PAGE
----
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See all Hubble observations in one image

BingMag.com <b>See</b> <b>all</b> <b>Hubble</b> <b>observations</b> in <b>one</b> image

32 years ago on this day, April 24, 1990, Hubble was launched into Earth orbit, during which time it was about 1.4 Has made millions of observations of our universe.

Physicist Casey Handmer was curious about how much of the sky Hubble had captured and how he had captured all of Hubble's observations in one big image. Draw from the sky. This is a beautiful and almost poetic look at Hubble's global view of the universe.

So how much did Hubble photograph the sky? The answer to this question may surprise you.

Hendmer pondered this question and realized that because Hubble's field of view is 202 arcseconds, it takes about 3.2 million observations to completely cover the sky. Since Hubble has made about 1.4 million observations since its launch in 1990, has the observatory captured almost half of the sky? "Not quite." In fact, they are completely drawn on this map.

But why so little?

According to the artist, there are several reasons. For example, spectroscopy tools do not necessarily form an image. Another reason is that Hubble's field of view is very narrow compared to telescopes designed to study the entire sky.

Another big reason is that Hubble tends to cover certain areas of the sky or astronomical objects. Observe frequently. Why? Because that's what scientists want to see. Some observations take longer than others, and some parts of the sky are more interesting. In Handmer's image, the center curve represents the eclipse, so Hubble's multiple observations of planets, moons, and asteroids in our own solar system appear there.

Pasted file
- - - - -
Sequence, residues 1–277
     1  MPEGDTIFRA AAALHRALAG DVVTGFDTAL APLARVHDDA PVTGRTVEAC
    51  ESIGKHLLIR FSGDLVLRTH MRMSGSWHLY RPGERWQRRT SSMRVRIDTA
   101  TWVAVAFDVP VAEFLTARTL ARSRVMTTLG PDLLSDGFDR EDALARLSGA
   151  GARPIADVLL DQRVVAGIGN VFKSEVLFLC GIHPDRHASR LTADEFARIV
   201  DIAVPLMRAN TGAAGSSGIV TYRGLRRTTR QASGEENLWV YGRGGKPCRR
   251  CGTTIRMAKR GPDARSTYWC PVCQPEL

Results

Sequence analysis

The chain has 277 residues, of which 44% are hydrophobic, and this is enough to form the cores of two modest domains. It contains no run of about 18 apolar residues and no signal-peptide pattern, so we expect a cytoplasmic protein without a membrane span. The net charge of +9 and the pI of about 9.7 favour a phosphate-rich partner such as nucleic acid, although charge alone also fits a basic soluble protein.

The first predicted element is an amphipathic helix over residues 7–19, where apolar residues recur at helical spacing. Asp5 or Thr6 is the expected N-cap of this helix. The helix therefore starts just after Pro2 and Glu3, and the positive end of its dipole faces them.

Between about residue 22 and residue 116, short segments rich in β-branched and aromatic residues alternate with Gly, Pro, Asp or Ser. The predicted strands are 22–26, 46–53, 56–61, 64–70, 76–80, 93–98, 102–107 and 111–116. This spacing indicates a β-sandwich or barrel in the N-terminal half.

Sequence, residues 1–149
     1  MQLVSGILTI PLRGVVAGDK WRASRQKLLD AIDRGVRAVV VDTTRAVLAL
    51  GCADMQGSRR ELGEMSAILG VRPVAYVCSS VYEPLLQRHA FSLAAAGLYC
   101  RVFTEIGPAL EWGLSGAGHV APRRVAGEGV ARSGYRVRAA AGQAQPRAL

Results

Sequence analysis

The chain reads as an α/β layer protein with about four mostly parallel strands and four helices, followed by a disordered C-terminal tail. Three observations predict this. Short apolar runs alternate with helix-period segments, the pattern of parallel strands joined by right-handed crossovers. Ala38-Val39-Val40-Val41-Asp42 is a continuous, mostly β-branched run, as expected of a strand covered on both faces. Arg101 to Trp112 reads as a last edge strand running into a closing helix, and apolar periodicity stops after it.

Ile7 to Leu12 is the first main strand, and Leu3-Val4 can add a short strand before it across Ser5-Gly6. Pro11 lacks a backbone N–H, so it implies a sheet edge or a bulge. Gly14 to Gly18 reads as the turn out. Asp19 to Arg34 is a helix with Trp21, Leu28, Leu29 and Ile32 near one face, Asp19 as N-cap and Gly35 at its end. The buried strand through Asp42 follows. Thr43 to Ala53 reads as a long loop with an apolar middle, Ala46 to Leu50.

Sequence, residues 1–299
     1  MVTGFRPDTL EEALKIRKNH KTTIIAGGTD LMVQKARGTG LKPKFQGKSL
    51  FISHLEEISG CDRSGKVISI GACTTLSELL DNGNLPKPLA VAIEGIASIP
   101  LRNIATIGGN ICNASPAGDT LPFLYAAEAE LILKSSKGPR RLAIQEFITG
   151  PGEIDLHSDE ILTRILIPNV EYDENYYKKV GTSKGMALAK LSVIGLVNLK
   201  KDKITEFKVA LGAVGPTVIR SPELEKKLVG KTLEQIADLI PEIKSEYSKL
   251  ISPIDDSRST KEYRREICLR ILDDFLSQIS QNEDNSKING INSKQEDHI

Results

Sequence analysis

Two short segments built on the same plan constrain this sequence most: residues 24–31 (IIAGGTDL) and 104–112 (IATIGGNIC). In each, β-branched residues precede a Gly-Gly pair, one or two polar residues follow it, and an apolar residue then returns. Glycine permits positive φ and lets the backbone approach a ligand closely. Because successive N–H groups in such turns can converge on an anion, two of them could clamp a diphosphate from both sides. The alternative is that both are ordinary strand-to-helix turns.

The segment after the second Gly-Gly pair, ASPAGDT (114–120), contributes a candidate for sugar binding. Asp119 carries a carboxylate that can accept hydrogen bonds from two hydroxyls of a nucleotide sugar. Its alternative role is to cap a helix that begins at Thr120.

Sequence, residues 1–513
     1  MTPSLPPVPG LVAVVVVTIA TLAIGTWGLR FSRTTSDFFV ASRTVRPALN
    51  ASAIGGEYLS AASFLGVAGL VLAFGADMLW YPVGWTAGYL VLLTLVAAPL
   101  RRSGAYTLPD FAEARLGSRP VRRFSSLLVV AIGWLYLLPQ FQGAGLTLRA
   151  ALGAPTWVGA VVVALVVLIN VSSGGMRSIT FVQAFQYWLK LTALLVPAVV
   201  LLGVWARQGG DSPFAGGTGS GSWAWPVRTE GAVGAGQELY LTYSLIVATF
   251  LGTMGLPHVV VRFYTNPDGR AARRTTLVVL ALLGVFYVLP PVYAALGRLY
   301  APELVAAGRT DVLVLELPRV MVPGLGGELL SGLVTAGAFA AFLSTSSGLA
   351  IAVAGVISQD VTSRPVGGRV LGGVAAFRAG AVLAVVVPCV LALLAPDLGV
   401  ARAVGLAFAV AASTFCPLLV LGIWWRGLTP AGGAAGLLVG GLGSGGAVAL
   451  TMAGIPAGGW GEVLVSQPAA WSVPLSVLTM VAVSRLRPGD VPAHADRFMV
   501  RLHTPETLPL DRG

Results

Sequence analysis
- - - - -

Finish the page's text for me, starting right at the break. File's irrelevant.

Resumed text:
Two large masses near the bottom left, large and small clouds There are Magellanic that are the two small galaxies of the Milky Way galaxy. Many other masses are other nearby galaxies. The Milky Way disk also appears as a U-shaped curve in the middle, so this graphic shows the best that Hubble does.

He wrote on Twitter: "Some observations take longer than others, and some parts of the sky are more interesting. So what did Hubble see? To produce these images from every fourth of the sky, I did a little coding. You can See the eclipse, the galactic plane, the Magellanic Clouds, and Andromeda. To begin with, and will photograph the entire sky each week.

To create this image, Handmer used the Stroke Query API in the Astropy Library to record data for each observation Hubble made. Has given, received. The code he used is available here.

Handmer said: "Each of the observations retrieved using the API describes the target, but overall we get a picture of what Hubble is looking at. . Hubble is an amazing tool, but it has been in space for almost 32 years and will not last forever. "

" Let's launch a new telescope like this this year. What can we see? Photos: all Hubble observations in one image Credit: Casey Handmer Sources: Universe Today/p>


Source: Wccftech

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